Latiff Mohidin, first artist from Southeast Asia to showcase works at the Pompidou Centre.

An experience I failed to have four years ago — because of transport links — was the sight of Syed Ahmad Jamal’s staring out in poster form onto the streets of Zagreb. The late art laureate was the first Malaysian to be honoured with a solo exhibition at a major European gallery. Having missed out on that one, I was determined to see a similarly intense-looking but more youthful poster of Latiff Mohidin staring down on the people of Paris.

The location is much easier to access than the capital of Croatia, and the institution perhaps more familiar. Time has mellowed the once-controversial Pompidou Centre a bit, and opinions a lot. Latiff met no such opposition when his Pago Pago paintings first hit the market. They have remained central to Malaysian art ever since.

The crowd at the Pompidou Centre is not as huge as some of the exhibitions but the excitement is still there. Latiff is not just Malaysia’s first artist at this venue; he’s the first from Southeast Asia. This is quite an honour, which deserves to be reciprocated with a visit from France’s most famous living artist, whoever that is.

The sad reality is that while Southeast Asia is building up a reputation from its rather low baseline, France has been sinking into artistic obscurity since the demise of its superstars in the 1970s. There are no replacements for Picasso, Matisse, Chagall or the others who ruled the art world for much of the 20th century.


Tropika 1969, collection of the artist.

The Pompidou Centre is a glorious venue, even if contemporary French artists don’t get the limelight they would have done in the past. It’s mainly the dead ones who draw the crowds. Latiff, on the other hand, is lively enough to have been present for his own launch. It must also be said that it was Malaysia’s southern neighbour that took the initiative for this project when the National Gallery of Singapore coordinated the exhibition with the Pompidou Centre.

The NGS was also responsible for curating the show, which it has done to revelatory effect. This is a better attempt at explaining Pago Pago than I have ever encountered. It’s perhaps the most-admired series in Malaysian art, but keeping it enigmatic seems to be part of its mystique.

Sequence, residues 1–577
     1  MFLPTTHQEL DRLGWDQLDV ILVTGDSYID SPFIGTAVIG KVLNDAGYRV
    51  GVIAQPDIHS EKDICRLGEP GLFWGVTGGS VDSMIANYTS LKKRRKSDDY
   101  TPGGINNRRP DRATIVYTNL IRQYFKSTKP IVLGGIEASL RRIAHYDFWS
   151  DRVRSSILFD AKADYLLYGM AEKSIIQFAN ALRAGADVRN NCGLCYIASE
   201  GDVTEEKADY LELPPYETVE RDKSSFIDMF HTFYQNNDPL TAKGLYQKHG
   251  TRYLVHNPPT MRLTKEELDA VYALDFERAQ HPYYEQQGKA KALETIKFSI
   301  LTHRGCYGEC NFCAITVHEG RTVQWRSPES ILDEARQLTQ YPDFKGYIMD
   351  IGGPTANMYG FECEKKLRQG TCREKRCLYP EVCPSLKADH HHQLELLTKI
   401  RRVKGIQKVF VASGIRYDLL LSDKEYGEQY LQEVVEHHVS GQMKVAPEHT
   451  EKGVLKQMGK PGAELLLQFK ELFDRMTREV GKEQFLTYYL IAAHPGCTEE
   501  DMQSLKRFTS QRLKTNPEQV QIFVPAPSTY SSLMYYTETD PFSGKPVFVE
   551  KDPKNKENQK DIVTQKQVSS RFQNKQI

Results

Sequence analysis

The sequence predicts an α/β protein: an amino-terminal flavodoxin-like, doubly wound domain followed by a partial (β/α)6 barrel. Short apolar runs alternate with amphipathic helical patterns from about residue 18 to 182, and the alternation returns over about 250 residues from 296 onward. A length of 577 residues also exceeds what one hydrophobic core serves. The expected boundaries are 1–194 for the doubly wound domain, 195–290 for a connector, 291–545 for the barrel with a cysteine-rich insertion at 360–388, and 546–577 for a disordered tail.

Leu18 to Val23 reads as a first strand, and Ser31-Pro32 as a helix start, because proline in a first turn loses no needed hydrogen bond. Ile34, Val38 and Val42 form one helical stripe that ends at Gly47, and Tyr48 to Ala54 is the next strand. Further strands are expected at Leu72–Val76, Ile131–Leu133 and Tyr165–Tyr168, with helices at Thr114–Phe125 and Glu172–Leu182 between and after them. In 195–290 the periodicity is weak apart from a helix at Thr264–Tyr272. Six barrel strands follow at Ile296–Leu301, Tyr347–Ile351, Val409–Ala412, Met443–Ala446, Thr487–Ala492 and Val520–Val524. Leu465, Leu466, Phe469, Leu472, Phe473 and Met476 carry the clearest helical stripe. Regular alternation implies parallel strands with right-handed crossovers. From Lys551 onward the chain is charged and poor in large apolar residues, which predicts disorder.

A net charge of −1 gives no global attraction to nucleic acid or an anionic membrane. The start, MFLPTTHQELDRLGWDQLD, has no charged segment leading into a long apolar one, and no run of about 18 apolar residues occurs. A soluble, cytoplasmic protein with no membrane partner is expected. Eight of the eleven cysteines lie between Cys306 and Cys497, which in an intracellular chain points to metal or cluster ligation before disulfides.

Collectors and curators will usually grunt “totemic” or “regional primevalist” and then hope that viewers are captivated by the sheer artistry rather than the philosophy. Latiff, as a poet, doesn’t like to get too prosaic about what’s going on in this series although the connection with pagodas is fairly clear.


Imago 1968, collection of Singapore’s National Gallery.

Puzzle of Pago Pago

I would like to think that there’s some totemism too, as the one area of collecting that the French have really excelled at for a hundred years is tribal art. This arouses minimal interest in Malaysia, but deep in the soul of every French art lover there should be an association with the ethnographic sculptures that influenced the great artists of the 20th century. At last year’s big exhibition at the Royal Academy in London were the contents of Matisse’s studio. There was the frisson of seeing bits of Southeast Asian culture amidst the inevitable tribal art of Africa and Oceania.

The puzzle of Pago Pago is, fortunately, not entirely resolved by this exhibition. Just as we will never understand the minds of Nusantara’s formative artists, there’s a lot about Latiff’s output that will remain as quietly and poetically discreet as the artist himself. Having worked with him on an exhibition of insect renderings, it’s certain that he can create a masterful visual meal out of the most unpromising ingredients. When the two are viewed together — not at the Pompidou Centre — I see a similarity for the first time between the cutting curves of Serangga and the scythe-like horns and sometimes sinister shapes of Pago Pago.

Pago Pago remains a more attractive proposition for collectors than insects or any of his other excursions into the improbable. To see so many of these works in one place is unprecedented. Judging from the mainly French audience’s reaction, admiration for Latiff is not a piece of hype generated in Malaysian and Singapore. This exhibition seems like a focus of global art enthusiasts.

There are no obvious French prejudices for or against Latiff. They barely know Malaysia, which in French (Malaisie) is uncomfortably close to the word for illness (malaise). With none of the preconceptions they may have about, for example, Vietnam, Cambodia or Laos, they can perhaps approach with a fresh impartiality. It’s a relief to find visitors admiring the works for themselves.

Created at a time when France was going through civil unrest on a revolutionary scale, viewers might be looking for political content; and they might be relieved to find that there isn’t any. Latiff wasn’t a student in Paris, dreaming of lobbing rocks at the riot police. He studied art in Germany, a country desperate to recover from losing the biggest war in world history.

Whether he’s painting pagodas or insects, Latiff’s work looks much further back into our roots than the tired feebleness of politics. It is raw and energetic, drinking deep of the fertile land of Southeast Asia and its water resources. It embraces all the elements that the artist didn’t piece together until he was in the vastly different environment of Germany in the early 1960s.

It would have been even better if the exhibition had taken place there, in the land that helped inspire his fascination with Southeast Asia. But France is just across the border and has better shopping opportunities.


Two Standing Figures 1968, collection of Singapore’s National Gallery.

WHAT: Latiff Mohidin: Pago Pago (1960 - 1969)

WHERE: Pompidou Centre, Paris.

WHEN: Until May 28

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